• From Jack Townsend’s Federal Tax Crimes Blog, a good discussion on the Zwerner verdict upholding a 150% FBAR penalty, which links to another great discussion on the Tax Controversy Report.  I have no objection, overall, to the US going after folks who stash money overseas and fail to report it to the Service, but this does seem fairly harsh—I should add the caveat that I do not know the underlying facts, and perhaps those would sway me to believe Mr. Zwerner received his just deserts.
  • SCOTUS will not review Nakano v. United States, which we covered previously in SumOp here, where the 9th Cir. held that a levy notice constituted notice and demand for Section 6303 purposes.  Keith should have another post on Nakano in the near future.


Summary Opinions for 11/29/2013

Happy Holidays!  Sorry for the delay in posting, hectic weekend, but what a great weekend.  Thanksgiving, the start of Hanukkah, Keith had his first grandson, and it seemed like every third car had a Christmas tree tied to the top.  Although it was a short week, there was still some excellent procedure news.  Let’s start with a few Thanksgiving related items.

  • I found this estimate of the amount of taxes paid on the average Thanksgiving dinner on Accounting Today.  The Tax Foundation has a summary of travel taxes and tolls (road taxes) for travel along the northeast found here.  I’m not sure how accurate either are, but interesting posts about Thanksgiving and taxes.
  • Jack Townsend’s Tax Procedure Blog has a summary of Eichelburg v. Comm’r, where the taxpayer’s claim was tossed for failing to timely file under the timely mailing is timely filing rule in Section 7502.  His sin—thriftiness (and not following the rules).  He went for the FedEx Express Saver, which is not an enumerated acceptable private delivery service under Notice 2004-83.
  • From the Freakanomics blog, a podcast regarding fighting poverty. This post has to do with charity, but I think the concepts apply to the reallocation of assets (EITC) under the Code and the incentives that could raise a family up the socioeconomic ladder (student loan interest deduction, mortgage interest deduction).  Oversimplifying the post, cash infusions are great at doing certain things like eliminating a current need, but not very good at assisting a family in moving out of poverty.  Although this is not a stunning revelation, the stories and examples are very interesting, and made me wonder if we had good evidence behind a lot of the incentives and deterrents under the code.  More behavioral economics.  Perhaps we should change this to a behavioral economics blog.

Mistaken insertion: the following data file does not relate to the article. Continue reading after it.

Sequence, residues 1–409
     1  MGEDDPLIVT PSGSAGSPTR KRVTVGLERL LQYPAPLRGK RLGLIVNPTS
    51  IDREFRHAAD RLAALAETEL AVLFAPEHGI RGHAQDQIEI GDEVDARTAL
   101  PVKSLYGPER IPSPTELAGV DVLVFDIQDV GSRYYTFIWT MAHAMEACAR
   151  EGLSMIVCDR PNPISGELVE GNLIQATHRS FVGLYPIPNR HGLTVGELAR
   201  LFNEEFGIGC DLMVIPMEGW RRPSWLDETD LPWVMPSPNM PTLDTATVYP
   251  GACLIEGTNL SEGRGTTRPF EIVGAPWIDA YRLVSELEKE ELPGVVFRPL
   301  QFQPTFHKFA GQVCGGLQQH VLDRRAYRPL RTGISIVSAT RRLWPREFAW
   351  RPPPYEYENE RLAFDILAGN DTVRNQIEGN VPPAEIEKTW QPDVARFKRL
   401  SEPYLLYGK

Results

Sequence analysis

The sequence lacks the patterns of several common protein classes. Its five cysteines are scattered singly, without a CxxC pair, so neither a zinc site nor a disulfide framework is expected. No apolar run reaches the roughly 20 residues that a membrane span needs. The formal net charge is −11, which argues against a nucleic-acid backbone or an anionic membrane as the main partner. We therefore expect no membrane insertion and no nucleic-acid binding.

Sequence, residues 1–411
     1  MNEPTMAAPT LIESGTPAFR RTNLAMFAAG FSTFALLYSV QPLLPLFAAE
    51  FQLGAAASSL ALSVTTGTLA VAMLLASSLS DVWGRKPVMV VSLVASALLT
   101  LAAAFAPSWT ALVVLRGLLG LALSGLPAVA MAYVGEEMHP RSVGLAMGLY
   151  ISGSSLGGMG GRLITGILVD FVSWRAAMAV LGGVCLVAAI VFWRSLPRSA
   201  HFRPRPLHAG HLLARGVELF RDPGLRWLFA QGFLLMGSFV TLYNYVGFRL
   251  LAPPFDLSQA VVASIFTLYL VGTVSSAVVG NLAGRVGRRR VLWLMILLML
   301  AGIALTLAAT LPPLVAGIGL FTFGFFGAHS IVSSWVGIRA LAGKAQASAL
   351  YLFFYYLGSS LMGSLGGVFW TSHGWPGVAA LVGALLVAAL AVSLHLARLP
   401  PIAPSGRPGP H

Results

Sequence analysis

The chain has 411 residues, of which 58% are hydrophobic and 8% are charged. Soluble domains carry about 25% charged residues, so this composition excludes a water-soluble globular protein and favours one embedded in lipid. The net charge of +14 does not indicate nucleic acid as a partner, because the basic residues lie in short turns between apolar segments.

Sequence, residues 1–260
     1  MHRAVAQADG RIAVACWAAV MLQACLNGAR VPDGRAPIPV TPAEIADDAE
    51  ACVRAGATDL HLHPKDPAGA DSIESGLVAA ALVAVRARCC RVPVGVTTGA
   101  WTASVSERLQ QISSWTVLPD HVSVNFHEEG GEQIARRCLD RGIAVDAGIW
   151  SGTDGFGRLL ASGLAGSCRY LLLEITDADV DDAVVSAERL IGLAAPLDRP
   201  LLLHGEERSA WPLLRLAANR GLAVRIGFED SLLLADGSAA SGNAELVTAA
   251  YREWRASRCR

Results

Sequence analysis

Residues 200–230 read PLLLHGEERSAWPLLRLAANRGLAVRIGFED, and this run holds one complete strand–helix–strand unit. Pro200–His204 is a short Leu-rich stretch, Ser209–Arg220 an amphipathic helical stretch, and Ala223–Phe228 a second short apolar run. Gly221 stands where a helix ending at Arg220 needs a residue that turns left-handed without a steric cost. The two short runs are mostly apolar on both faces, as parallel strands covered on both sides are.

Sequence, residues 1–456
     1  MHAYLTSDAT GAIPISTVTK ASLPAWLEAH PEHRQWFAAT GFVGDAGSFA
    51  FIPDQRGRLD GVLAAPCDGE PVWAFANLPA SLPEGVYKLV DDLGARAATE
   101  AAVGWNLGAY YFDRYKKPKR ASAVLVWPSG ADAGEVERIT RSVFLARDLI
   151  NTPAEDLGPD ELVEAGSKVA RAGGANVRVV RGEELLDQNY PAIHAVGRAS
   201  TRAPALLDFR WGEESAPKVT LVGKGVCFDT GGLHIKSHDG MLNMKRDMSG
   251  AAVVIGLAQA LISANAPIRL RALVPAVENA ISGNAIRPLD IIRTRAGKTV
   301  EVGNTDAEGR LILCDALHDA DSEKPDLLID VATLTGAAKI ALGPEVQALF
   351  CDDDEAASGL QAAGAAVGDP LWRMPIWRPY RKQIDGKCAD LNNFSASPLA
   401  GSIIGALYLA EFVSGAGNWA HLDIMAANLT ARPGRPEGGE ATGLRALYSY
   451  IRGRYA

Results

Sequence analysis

• MauledAgain has a discussion of the Tax Court’s holding in Jibril v. Comm’r, where the Court disallowed dependency exemptions for a taxpayer’s cousins.  The Court held that cousins did not fall within “qualifying children” under Section 152(c)(2) or “qualifying relatives” under Section 152(d)(2).  Although this is not a novel holding, the last paragraph of Jim Maule’s post highlights the Court’s comments regarding the “sympathetic” taxpayer, and outlines some suggestions  from Professor Maule on how to eliminate the harsh application of the statue when family members are supporting family members not specifically outlined in the statute.